Oxfam welcomes breakthrough on corporate tax transparency after nearly 5 years of EU deadlock

Published: 25th February 2021

After almost five years of deadlock, EU governments in the Council finally backed new EU rules on corporate tax transparency today. The proposal requires multinationals to publicly report on what profits they make, how much tax they pay, and where they pay it. Member states, the European Parliament and the Commission will now have to agree on a compromise text in ‘trilogue’ negotiations.   

Reacting to the news, Chiara Putaturo, Oxfam’s EU Policy Advisor on Tax and Inequalities, said: 

“This agreement is an important first step towards greater corporate tax transparency, but it is not enough. For years, corporations were allowed to dodge their tax bills and shift billions in profits to tax havens, out of the public eye. Multinationals need to play their part in funding the recovery and show how they are using the billions of euro they received in taxpayer money. 

“We urge the Parliament and Council to build on the current proposal with strong transparency rules. These rules must cover operations in all countries, not just those in EU countries.” 

Notes to editors

Today, the majority of member states in the Competitiveness Council supported a proposal requiring multinationals to publish their income tax information. Next week, member states will confirm their support with an official vote through a written procedure.   

The European Commission in 2016 sent a draft text to the European Parliament and Council in the wake of the Luxleaks scandal. The European Parliament passed the file to the Council in July 2017.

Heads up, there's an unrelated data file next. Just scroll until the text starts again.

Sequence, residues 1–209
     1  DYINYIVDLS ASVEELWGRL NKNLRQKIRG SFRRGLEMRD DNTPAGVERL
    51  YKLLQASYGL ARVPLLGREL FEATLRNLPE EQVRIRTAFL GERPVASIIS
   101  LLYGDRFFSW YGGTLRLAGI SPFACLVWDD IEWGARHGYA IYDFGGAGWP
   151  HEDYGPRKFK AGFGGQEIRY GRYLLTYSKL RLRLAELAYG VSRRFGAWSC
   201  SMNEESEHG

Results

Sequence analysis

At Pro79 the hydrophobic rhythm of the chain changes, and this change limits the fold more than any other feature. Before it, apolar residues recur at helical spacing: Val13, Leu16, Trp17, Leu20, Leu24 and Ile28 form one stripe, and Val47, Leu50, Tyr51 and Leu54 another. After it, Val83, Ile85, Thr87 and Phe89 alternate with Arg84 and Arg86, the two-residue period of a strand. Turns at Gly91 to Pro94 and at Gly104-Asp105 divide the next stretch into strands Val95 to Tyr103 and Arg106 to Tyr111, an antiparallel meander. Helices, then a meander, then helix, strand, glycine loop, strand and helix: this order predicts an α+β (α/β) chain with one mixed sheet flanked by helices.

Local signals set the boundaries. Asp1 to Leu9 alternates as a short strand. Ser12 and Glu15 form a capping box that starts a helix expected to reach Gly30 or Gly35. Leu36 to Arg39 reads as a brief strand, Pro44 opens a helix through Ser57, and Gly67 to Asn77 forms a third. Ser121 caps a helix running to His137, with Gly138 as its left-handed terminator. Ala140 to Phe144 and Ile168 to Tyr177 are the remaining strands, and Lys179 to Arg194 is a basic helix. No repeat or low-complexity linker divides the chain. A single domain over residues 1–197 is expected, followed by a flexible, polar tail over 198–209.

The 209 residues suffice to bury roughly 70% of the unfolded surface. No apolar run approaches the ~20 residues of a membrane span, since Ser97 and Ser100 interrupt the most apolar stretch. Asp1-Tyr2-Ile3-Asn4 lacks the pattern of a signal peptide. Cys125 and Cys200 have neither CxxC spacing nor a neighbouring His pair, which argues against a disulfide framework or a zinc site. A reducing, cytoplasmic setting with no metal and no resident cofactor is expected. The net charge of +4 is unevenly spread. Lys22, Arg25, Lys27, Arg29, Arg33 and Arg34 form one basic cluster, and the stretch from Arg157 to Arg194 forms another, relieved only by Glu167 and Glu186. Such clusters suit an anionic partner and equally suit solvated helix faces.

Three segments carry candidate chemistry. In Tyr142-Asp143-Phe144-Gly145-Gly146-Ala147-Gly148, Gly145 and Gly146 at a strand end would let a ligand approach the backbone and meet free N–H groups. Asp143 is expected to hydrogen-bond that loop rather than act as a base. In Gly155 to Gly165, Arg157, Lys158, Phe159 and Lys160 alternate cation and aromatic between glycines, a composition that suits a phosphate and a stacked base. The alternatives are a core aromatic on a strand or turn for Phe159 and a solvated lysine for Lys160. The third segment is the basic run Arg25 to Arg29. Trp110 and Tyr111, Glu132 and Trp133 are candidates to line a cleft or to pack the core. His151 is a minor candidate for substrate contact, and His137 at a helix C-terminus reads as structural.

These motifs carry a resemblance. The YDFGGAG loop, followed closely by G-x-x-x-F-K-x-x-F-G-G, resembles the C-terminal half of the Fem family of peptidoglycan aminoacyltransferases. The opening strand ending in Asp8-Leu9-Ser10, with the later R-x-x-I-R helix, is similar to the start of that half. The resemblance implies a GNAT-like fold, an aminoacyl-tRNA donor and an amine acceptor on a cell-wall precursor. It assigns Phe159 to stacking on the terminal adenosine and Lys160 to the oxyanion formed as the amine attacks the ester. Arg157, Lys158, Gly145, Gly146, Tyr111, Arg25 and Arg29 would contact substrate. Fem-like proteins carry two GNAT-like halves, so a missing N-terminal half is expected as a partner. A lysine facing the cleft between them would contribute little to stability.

According to Oxfam’s and other CSOs’ analysis, the Council’s compromise has some weaknesses including:  

  • an obligation for companies to publicly report information on a country-by-country basis only for their operations in EU member states and certain third countries identified but yet to be defined as tax havens.  

  • a “corporate-get-out-clause” allowing a reporting exemption for “commercially sensitive information”.

  • a reporting requirement applied only to companies with an annual consolidated turnover above EUR 750 million. This will exclude 85 - 90 per cent of multinationals. 

According to conservative estimates, Governments lose $245 bn in tax revenue annually due to corporate tax abuse by multinationals worldwide. Lower-income countries’ tax losses are equivalent to nearly 52 per cent of their combined public health budgets. Luxembourg, at the centre of the #Openlux scandal, attracts an estimated $66bn in profits artificially from multinationals each year.  

Since the start of the COVID-19 pandemic, the European Commission has approved €3.1 trillion in state aid to companies in member states suffering from the economic hit of the COVID-19 crisis. 

Contact information

Jade Tenwick | EU Media Officer | jade.tenwick@oxfam.org | +32 473 56 22 60